Chattanooga wastewater analysis and other indicators show that COVID-19 cases are rising as students across the region prepare to return to the classroom for a new school year, likely fueling more disease spread.

It's normal for the schools to see a surge in respiratory illnesses associated with breaks, such as summer break, winter holidays and spring break, said Layra Navarro, the community health manager for Hamilton County Schools.

In the first month of the 2021-22 school year, when the delta variant of the coronavirus was gaining steam, Hamilton County school-aged children accounted for roughly 1 in 4 of the county's new COVID-19 cases.

The first half of last school year saw a surge in young patients with respiratory syncytial virus — a common respiratory virus that can cause severe breathing problems for babies — that strained the local children's hospital.

The respiratory virus typically circulated during the fall and winter followed by influenza, but cases dropped dramatically in 2020 due to COVID-19 mitigation measures, CEO of the Children's Hospital at Erlanger Dr. Charles Woods, a pediatric infectious disease specialist, said in a phone interview.

"During the pandemic, we missed a couple of RSV and flu seasons all together," he said.

The respiratory virus then came roaring back in July 2021 once children returned to more pre-pandemic activities. Last year, the virus began taking off in late August, and influenza made a strong appearance in the fall, contributing to a record-breaking patient surge at Erlanger Children's hospital.

In 2022, influenza fizzled out before its usual winter peak.

"Many of us are interested to see if our seasonal patterns are going to shift back towards pre-pandemic time frames versus being a little bit out of kilter timewise," Woods said.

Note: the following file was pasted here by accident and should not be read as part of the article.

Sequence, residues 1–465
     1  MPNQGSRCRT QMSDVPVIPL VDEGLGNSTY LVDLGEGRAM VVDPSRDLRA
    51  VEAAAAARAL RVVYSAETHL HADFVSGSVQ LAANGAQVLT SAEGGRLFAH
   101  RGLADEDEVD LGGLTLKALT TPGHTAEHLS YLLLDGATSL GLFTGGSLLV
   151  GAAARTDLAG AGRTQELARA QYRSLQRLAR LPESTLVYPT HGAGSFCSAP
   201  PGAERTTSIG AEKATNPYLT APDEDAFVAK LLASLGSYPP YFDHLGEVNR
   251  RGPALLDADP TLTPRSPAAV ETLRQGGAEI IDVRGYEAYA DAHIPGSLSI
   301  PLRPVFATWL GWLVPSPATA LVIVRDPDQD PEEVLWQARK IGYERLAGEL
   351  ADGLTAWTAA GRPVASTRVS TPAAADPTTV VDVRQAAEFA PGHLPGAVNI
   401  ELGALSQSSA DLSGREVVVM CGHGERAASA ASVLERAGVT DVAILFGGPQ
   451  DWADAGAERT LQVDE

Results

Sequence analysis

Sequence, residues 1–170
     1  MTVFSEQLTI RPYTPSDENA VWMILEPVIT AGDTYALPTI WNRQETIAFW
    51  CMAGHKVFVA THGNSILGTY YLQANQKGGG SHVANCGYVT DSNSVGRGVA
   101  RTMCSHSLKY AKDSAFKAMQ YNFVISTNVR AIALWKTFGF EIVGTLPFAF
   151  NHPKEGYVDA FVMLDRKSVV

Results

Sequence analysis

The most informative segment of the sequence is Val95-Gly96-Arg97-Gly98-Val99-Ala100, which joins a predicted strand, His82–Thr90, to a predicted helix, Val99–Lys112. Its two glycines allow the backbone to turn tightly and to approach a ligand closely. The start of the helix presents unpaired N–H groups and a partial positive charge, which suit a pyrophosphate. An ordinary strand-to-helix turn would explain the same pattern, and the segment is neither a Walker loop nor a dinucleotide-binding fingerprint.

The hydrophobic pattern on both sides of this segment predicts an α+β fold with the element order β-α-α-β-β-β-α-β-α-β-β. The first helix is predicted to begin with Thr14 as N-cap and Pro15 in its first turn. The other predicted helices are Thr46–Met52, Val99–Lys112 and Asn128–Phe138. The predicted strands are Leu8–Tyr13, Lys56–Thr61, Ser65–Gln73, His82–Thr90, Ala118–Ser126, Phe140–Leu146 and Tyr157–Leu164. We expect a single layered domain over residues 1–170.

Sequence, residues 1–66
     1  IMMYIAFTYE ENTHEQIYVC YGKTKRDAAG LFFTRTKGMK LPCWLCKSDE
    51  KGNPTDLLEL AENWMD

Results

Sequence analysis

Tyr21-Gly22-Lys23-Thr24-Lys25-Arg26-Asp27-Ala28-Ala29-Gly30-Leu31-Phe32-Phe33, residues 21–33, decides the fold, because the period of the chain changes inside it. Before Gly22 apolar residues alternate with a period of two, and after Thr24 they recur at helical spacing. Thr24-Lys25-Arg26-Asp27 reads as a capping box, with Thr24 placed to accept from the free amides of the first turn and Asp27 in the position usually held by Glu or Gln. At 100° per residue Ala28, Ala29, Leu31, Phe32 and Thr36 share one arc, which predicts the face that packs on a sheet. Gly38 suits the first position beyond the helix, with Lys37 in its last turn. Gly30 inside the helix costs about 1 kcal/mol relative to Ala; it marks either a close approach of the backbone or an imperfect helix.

Although it's likely that a return to school will cause a larger uptick in COVID-19 cases, Woods said it's unlikely to cause a major surge in hospitalizations — though that's not to say that the now prevalent COVID-19 variants aren't dangerous, particularly for older adults.

"We're not getting as sick with them at different ages because so many of us have some preexisting, partial immunity to them now," he said. "Different components for our immune system kick in pretty fast, and so you have a cold for a few days as opposed to the major serious illness that we used to be so concerned about, at least in people under 65."

(READ MORE: Hamilton County student survives rare syndrome linked to COVID-19)

Parents are encouraged to promote good hand washing habits and stock up on needed supplies, including COVID-19 tests, hand sanitizer and disinfectant wipes, Navarro said.

Although schools are now treating COVID-19 like other communicable diseases, such as influenza, the district will continue to offer free rapid COVID-19 testing for students.

"If they go into the nurse showing some symptoms, needing to go home, the nurse will ask, 'Are you wanting to go ahead and take a COVID test or not?' We have parental consent on file. If we don't, then we ask," she said.

The most recent data from the Centers for Disease Control and Prevention shows COVID-19 hospital admissions, emergency department visits, test positivity and wastewater levels are increasing nationally.

"CDC's guidance for individual and community actions around COVID-19 are tied to hospital admission levels, which are currently low for more than 99% of the country," the CDC website states.

As of Aug. 2, there were 17 patients with COVID-19 in Hamilton County hospitals — which is the most since mid-May — according to data from the Hamilton County Health Department.

Contact Elizabeth Fite at [email protected] or 423-757-6673.

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